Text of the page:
Brannen took responsibility for conducting the unauthorized practice and checked on the student-athlete immediately after the practice and the following day and apologized, according to Cunningham.
After a two-hour practice, Brannen instructed the players to shoot free throws. If the team failed to make a certain number, Brannen instructed the players to run a series of timed runs. If the student-athletes did not make specified times for these runs, Brannen instructed the student-athletes to run again, according to the reprimand.
Though Cunningham felt the drill was “overly strenuous,” he acknowledged that the players received adequate water breaks and that each student-athlete was wearing a heart monitor throughout the duration of practice. Cunningham also recognized that the UC training staff was present and ensuring the safety of each student-athlete, and that Brannen advised each player to stop and sit out if a player was unable to complete a run, according to documents.
Cunningham said in the reprimand that Brannen’s actions during the workout violated the University’s Policy Conduct 15.02, specifically Section 3, which says, “violating University policies and encouraging or inciting others to do the same.”
Cunningham informed Brannen that he had violated Section 2(b) of his employment agreement when he failed to “comply with the University of Cincinnati Athletics Prevention of Non-Traumatic Catastrophic Injury and Sudden Death Policy (“Prevention Policy”) and disregarded clear instructions contained therein.”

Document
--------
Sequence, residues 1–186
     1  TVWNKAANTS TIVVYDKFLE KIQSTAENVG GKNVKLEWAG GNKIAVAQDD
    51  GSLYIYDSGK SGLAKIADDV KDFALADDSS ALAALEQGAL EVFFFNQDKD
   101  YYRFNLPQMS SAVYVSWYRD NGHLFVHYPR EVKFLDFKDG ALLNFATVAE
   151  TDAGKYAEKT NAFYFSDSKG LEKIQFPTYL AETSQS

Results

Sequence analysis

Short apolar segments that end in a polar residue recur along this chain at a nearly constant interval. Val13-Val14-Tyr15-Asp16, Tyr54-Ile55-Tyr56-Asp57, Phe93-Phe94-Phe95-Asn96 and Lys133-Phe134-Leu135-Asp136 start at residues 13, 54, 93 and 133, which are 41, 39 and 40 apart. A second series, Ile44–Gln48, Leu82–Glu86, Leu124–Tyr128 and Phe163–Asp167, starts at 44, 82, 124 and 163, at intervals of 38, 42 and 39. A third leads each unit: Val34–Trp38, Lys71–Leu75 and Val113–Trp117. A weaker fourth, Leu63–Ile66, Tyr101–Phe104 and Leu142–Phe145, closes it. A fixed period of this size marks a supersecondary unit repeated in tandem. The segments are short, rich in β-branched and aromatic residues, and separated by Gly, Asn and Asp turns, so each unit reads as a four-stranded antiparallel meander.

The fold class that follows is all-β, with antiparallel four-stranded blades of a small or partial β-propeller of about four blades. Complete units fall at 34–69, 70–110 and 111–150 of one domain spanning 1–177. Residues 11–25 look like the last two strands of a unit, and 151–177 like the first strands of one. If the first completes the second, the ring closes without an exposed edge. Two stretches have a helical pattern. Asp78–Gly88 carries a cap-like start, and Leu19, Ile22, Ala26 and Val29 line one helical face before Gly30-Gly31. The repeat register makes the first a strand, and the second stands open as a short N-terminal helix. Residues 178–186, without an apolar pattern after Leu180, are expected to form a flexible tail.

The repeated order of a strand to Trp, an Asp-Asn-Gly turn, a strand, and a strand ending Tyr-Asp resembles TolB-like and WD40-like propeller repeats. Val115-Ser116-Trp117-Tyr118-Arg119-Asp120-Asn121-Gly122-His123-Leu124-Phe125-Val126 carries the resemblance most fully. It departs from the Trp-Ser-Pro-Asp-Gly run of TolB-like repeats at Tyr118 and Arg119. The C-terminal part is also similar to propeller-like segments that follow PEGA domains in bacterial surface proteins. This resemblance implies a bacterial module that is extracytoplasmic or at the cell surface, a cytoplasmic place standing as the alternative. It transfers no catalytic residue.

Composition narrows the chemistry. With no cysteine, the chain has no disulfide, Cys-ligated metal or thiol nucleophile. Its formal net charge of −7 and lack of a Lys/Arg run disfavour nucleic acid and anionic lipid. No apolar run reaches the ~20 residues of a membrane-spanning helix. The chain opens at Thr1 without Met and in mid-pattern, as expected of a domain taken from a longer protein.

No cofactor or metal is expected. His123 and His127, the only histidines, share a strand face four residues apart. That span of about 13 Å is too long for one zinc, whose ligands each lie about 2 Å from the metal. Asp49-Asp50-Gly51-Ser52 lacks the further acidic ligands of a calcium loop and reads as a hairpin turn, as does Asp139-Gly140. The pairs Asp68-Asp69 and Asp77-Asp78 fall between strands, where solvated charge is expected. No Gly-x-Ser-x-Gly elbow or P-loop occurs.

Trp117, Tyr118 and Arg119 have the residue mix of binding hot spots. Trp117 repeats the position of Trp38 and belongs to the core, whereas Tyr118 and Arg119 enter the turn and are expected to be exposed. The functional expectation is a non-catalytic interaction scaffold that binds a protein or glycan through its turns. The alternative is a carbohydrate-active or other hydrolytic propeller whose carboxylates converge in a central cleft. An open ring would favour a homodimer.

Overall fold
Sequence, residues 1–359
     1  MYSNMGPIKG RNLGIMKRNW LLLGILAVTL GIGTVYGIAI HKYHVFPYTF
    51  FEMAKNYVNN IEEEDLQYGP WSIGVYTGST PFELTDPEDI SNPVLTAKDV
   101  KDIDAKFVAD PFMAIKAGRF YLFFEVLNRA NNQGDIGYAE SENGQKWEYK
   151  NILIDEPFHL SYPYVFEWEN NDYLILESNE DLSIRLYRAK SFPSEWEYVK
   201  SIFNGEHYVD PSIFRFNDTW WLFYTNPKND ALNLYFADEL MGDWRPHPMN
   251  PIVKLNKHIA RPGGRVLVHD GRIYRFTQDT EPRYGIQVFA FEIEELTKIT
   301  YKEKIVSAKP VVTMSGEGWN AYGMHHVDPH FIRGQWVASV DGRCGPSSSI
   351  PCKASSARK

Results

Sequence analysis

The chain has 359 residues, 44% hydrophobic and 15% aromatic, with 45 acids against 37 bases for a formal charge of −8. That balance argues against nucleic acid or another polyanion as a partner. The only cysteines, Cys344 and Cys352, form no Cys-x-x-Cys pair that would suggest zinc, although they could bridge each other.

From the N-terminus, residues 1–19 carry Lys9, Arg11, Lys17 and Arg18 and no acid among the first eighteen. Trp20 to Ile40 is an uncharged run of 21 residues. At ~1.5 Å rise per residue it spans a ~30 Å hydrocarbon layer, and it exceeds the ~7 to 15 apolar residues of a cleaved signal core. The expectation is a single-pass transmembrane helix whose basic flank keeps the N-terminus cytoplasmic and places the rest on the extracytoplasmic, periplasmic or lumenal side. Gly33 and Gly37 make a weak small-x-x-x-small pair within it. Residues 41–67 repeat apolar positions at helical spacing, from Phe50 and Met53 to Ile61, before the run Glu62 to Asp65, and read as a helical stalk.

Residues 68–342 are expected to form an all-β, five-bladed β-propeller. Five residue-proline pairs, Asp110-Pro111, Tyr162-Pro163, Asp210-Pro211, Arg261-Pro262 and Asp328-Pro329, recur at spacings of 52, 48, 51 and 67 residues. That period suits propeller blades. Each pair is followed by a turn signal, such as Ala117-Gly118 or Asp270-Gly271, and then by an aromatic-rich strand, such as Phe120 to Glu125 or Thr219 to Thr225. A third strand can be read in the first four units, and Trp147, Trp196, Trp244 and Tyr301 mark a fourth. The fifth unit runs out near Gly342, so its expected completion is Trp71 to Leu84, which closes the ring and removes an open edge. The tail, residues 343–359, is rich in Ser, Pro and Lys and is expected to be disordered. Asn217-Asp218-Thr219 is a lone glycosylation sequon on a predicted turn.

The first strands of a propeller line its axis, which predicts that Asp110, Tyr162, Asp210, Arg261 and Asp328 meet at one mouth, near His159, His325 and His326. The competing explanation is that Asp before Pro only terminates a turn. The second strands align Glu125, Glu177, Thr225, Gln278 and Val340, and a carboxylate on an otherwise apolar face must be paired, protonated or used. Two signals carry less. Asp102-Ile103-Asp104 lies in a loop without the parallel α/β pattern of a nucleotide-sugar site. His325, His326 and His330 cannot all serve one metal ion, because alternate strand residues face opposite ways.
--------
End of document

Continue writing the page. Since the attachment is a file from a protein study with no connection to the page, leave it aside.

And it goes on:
“Based upon your representations to me in the candid meetings we had and based upon my independent review of the situation, I believe that you understand the severity of this activity and, more importantly, I believe that you will not repeat it,” Cunningham wrote in the reprimand. “As we have discussed on several occasions, the health and safety of our student-athletes is paramount. We must always show care care and concern for the student-athletes in our department.”
Following the reprimand, Brannen was required to “develop programs and procedures that seek to assure the welfare and promote the academic success of the student-athletes who participate in the men’s basketball program.”
The decision to terminate Brannen came two weeks after Cunningham announced the university was reviewing unspecified allegations related to Brannen and the men’s basketball program after six of Brannen’s players entered the transfer portal.
Cunningham announced on April 3 that Brannen had been placed on paid administrative leave pending the completion of the university’s review.
Cunningham officially hired former UNC Greensboro coach Wes Miller as the 28th head coach in program history on April 15.
Brannen led the Bearcats to a 20-10 record in 2019, a tie for the American Athletic Conference regular-season crown and the No. 1 seed in the AAC tournament. The postseason tournaments were canceled due to the coronavirus pandemic.
Brannen led Cincinnati to a 12-11 mark last season. The Bearcats lost 91-54 to Houston in the AAC tournament championship game and failed to advance to the NCAA tournament for the first time since 2010.